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Yes, I realize there are many, many, many, many, many, prime generators on the Code Review SE. However, I have been unable to find any using this method for generating primes inside a vector, so I figure it should be covered.

Here's the C++ code:

long int primeCap = 1e10;
std::vector<long int> primes;
primes.push_back(2);
for(long int i = 2; i < primeCap; i++){
    bool isPrime = true;
    for(long int j = 0; primes[j] <= sqrt(i); j++){
        if(i % primes[j] == 0){
            isPrime = false;
            break;
        }
    }
    if(isPrime)
        primes.push_back(i);
}

This code takes a while to fill a vector with \$10^{10}\$ (or more, depending on how much is needed) primes. How can this code be improved for the generation primes?


Update: The issue described below was a nonissue, and was simply an error on my part, the part below can be ignored.

There may also be an issue where the very last item in the vector is set to \$2\$. I have not effectively verified this, but modifying the if(isPrime) statement to be:

if(isPrime){
    std::cout << i << '\n';
    primes.push_back(i);
}

Results in the last output being two. Once again, I have not effectively verified this, but it is something to note.

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    \$\begingroup\$ seems odd that your primes are int, but your max value is long. Those may or may not be the same thing, but why are they declared different \$\endgroup\$ – pm100 Oct 31 '16 at 22:35
  • \$\begingroup\$ @pm100 I copied it wrong, thanks for reminding me. It is actually a long int. \$\endgroup\$ – esote Oct 31 '16 at 22:37
  • \$\begingroup\$ same question, why max is long int and primes are int \$\endgroup\$ – pm100 Oct 31 '16 at 22:41
  • \$\begingroup\$ @pm100 Good point. That's not a major change, and any performance change will be negligible, but it will prevent any overflow problems. Thanks, I've update the code again! \$\endgroup\$ – esote Oct 31 '16 at 22:46
  • \$\begingroup\$ So sad (sarcasm) that no one implemented BPSW yet. By the way, do you want algorithmic complexity changes or real runtime changes? \$\endgroup\$ – Incomputable Oct 31 '16 at 23:30
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Here are some things that may help you improve your code.

Use the required #includes

The code uses std::vector which means that it should #include <vector>. It was not difficult to infer, but it helps reviewers if the code is complete.

Use <cmath> instead of <math.h>

I infer that you've used <math.h> instead of <cmath> because you're invoking sqrt(i) rather than std::sqrt(i). The difference between the two include forms is that the former defines things within the std:: namespace versus into the global namespace. Language lawyers have lots of fun with this, but for daily use I'd recommend using <cmath>. See this SO question for details.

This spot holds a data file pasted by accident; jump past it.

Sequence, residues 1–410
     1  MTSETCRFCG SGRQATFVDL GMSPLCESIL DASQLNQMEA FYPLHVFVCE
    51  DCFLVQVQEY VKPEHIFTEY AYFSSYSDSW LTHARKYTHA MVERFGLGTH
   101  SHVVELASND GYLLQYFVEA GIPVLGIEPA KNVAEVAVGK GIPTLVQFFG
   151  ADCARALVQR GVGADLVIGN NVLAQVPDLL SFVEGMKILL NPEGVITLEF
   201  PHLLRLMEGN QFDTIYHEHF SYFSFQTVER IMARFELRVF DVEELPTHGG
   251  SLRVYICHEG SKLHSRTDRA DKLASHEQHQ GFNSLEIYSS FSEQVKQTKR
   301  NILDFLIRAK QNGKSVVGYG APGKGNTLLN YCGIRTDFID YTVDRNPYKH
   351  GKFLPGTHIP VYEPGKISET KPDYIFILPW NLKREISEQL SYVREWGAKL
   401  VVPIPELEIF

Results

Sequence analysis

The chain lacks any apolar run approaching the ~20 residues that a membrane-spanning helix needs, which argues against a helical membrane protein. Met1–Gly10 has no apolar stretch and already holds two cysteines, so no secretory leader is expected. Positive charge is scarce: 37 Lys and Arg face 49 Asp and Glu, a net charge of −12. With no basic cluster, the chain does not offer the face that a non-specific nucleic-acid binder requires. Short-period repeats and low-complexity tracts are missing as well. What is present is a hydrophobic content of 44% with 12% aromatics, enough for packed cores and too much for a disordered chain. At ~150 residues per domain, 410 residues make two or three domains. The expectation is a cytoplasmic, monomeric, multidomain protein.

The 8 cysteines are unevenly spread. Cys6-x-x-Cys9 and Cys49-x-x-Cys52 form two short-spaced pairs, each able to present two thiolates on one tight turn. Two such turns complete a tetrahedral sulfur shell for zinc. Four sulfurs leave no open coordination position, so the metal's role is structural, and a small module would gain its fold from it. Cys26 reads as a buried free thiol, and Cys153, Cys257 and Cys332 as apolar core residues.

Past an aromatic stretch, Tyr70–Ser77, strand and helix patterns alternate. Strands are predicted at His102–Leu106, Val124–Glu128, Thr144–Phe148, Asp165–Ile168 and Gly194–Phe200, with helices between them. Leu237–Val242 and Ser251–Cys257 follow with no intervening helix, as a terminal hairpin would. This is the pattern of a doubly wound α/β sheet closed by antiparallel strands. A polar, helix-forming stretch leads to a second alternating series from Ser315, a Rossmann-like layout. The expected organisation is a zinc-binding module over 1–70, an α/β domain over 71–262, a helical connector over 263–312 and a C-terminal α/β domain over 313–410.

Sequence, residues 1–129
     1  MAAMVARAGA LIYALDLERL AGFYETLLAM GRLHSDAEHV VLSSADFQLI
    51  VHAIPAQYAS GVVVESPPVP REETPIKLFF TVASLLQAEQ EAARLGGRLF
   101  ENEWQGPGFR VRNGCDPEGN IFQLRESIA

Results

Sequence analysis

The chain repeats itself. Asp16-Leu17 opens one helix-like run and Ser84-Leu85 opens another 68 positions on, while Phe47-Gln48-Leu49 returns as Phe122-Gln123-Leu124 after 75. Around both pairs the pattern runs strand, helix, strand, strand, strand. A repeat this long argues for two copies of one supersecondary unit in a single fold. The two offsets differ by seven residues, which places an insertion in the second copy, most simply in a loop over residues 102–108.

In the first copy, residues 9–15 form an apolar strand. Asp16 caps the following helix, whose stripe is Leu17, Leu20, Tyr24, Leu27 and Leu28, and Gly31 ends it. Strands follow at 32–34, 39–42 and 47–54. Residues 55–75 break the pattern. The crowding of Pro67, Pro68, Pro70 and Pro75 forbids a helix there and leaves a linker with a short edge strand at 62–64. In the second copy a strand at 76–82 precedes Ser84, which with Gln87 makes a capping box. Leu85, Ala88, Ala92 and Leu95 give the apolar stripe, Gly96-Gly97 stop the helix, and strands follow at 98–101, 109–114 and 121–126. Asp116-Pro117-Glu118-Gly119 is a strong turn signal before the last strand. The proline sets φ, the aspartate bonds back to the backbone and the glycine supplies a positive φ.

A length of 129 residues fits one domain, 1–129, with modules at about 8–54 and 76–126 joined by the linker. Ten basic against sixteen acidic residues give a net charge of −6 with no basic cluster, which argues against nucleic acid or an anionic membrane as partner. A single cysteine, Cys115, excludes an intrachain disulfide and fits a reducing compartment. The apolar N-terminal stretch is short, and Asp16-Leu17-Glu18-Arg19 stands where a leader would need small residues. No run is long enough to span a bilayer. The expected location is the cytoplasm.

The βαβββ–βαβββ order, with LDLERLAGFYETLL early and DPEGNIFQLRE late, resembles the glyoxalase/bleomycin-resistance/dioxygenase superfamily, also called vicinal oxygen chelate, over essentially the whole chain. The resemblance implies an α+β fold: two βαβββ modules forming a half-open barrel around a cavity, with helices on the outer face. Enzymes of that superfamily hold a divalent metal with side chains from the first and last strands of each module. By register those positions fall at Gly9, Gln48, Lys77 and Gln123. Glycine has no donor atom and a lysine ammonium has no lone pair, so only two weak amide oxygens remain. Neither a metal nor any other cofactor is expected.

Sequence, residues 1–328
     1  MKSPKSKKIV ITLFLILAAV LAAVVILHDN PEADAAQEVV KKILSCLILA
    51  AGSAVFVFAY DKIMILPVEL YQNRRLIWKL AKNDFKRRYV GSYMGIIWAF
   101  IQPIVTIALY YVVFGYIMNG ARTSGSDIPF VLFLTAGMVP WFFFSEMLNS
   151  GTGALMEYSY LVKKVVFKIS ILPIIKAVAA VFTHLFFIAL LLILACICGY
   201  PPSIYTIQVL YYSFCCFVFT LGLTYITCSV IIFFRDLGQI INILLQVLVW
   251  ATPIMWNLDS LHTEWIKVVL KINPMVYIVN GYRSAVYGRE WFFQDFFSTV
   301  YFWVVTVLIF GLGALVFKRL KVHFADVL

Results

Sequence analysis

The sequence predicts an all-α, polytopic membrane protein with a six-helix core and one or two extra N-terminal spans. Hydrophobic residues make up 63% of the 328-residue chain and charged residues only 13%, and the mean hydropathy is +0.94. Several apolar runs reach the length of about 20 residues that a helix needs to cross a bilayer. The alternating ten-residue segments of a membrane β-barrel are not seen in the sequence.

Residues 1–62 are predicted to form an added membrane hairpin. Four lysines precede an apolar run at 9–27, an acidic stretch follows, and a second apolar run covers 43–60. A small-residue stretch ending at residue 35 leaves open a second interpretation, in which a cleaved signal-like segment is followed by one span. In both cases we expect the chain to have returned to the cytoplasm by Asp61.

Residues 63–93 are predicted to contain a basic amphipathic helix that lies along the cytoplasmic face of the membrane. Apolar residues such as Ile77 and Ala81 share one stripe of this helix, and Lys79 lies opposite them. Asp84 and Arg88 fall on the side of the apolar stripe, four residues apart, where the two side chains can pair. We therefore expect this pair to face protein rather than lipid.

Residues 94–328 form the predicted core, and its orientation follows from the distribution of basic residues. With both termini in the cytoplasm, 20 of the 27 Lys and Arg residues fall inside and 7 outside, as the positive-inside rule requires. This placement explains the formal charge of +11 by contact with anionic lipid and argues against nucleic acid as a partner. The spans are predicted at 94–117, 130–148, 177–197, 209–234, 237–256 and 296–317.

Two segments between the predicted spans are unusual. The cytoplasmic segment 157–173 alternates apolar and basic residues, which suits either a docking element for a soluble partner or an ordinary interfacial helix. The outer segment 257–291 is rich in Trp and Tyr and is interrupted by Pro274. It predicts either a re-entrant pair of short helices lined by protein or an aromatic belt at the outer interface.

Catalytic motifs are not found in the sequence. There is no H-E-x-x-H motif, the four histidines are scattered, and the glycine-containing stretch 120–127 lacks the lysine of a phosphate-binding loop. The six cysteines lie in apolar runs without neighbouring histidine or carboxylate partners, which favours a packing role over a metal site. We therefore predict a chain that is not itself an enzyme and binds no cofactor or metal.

Use the appropriate constructor

There's not really any reason to push the value of 2 after the stack is created when it could be done all at the same time. In fact, I'd write this:

std::vector<int> primes{2, 3};

Seeding the vector with the first two primes for reasons that will be very clear in the next suggestion.

Use a more efficient algorithm

Of all even numbers, only 2, which is already in the vector, is prime, so thereafter all even numbers may be safely skipped. Further, there's little reason to attempt to divide by 2 if you've skipped all other even numbers. For that reason, I'd write it like this:

for(int i = 3; i < primeCap; i+=2) {
    bool isPrime = true;
    int lim = std::sqrt(i);
    for(int j = 1; primes[j] <= lim; j++){
        if(i % primes[j] == 0){
            isPrime = false;
            break;
        }
    }
    if(isPrime)
        primes.push_back(i);
}

Doing this reduces the time by about half.

Use const where practical

Since primeCap doesn't seem to change within this program, it would make sense to me to declare it as const or even constexpr:

constexpr long int primeCap = 1e8;

Maximize the available numerical range

Assuming we're not hunting for negative prime numbers, wouldn't unsigned numbers make more sense? It's also logical to try to assure that primeCap and the values in the std::vector are of the same type -- either unsigned or unsigned long.

Avoid memory reallocations

It would save some reallocations and moves if the code were to preallocate the required size. One quick and relatively accurate approximation for the number of prime numbers less than a particular number \$n\$ is \$\frac{n}{\log{n}-1}\$. We can use that to reserve approximately the right amount of memory: